After calibrating their model to match observations in the X-ray, the authors then remove the detectability constraints to calculate the fraction of all active massive black holes, not just those that are detectable in X-rays. The results are shown in Figure 2, along with results from simulations and semi-analytical models. The model presented in today’s paper predicts the active fraction of black holes in dwarf galaxies, since that is more likely what is being measured by current observations, rather than the total occupation fraction computed by previous simulations.

Fraction of dwarf galaxies with a massive black hole vs stellar mass of the galaxy.

Figure 2: Fraction of dwarf galaxies with a massive black hole vs. stellar mass of the galaxy. The blue lines show the results of this paper, the active fraction of massive black holes as a function of mass. The solid and dotted blue lines differ in metallicity of the galaxy. The rest of the curves and colored regions show the occupation fraction of massive black holes in dwarf galaxies from observations in other work. [Pacucci, Mezcua & Regan 2021]

The range of active fractions estimated with this model is 5–22%, which is lower than the occupation fractions from other work. The authors note that this is expected, based on the definitions of the two fractions. Assuming not all massive black holes are active, the active fraction should be lower than the overall fraction of massive black holes found in dwarf galaxies.

The authors explore the effects of the galaxy’s metallicity on the predicted active fraction. Metallicity refers to the types of elements that are present in the gas: if you have mostly hydrogen and only small amounts of elements more massive than helium — what astronomers call metals — you have low metallicity. Lower-metallicity gas leads to more active star formation, which produces a lot of X-rays that can wash out the X-ray emission from the active massive black hole. Accounting for the effects of low metallicity, the calculated active fraction can be higher for this model (blue dotted line in Figure 2) — up to 30% for the most massive dwarf galaxies.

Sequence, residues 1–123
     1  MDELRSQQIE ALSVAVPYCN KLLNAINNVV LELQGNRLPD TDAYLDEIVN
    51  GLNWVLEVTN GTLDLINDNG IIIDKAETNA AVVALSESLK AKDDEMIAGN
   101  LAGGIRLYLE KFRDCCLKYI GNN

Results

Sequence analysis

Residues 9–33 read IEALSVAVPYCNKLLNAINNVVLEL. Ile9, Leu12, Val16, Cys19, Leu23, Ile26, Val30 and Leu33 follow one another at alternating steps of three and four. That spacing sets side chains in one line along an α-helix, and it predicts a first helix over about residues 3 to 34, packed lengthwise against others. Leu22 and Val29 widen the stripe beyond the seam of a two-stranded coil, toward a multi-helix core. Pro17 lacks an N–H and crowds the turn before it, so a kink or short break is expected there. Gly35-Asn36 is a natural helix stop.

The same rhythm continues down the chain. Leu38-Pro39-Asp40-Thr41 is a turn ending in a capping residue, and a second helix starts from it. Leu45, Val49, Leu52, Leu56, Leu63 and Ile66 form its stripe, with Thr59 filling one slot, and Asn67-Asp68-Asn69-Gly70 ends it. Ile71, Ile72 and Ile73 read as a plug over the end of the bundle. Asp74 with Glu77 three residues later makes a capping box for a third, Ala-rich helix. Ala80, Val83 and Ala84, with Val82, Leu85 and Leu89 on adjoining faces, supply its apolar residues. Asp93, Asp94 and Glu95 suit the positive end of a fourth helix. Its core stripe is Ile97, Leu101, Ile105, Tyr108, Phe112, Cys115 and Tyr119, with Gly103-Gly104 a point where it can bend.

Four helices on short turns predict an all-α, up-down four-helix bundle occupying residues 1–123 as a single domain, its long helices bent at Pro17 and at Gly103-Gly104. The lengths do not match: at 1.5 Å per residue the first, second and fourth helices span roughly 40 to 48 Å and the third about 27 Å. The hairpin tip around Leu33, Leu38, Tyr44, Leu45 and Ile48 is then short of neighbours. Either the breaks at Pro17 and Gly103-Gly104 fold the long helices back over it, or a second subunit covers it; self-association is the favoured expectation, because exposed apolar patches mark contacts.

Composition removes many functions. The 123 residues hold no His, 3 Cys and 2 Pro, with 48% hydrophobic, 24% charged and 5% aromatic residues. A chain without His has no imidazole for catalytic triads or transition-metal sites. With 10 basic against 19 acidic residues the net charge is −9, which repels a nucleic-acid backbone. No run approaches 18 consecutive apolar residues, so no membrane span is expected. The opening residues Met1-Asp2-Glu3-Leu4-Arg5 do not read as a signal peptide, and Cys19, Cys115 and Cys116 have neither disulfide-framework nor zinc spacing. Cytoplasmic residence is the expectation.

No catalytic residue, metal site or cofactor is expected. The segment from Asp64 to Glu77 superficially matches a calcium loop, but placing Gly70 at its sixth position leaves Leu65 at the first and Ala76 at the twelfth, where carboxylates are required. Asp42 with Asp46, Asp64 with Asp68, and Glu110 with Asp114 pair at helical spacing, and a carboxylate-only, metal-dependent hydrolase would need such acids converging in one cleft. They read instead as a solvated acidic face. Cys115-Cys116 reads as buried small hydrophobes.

Dwarf galaxies allow us to study possible seeds of supermassive black hole growth, which is necessary to understand black hole growth and galaxy evolution. One way to check if our models of black hole growth are correct is to see if the predicted fraction of active massive black holes in galaxies matches observations. The authors of today’s paper developed a model that predicts the fraction of massive black holes in dwarf galaxies that are active, based on galaxy properties, and compare it to observations. Models like this could be useful to compare with results from upcoming observatories like JWST and Athena, among others, which could actually observe supermassive black hole seeds in the early universe.

Original astrobite edited by Jamie Sullivan.

About the author, Gloria Fonseca Alvarez:

I’m a fourth-year graduate student at the University of Connecticut. My research focuses on the inner environments of supermassive black holes. I am currently working on measuring black hole spin from the spectral energy distributions of quasars in the Sloan Digital Sky Survey. As a Nicaraguan astronomer, I am also involved in efforts to increase the participation of Central American students in astronomy research.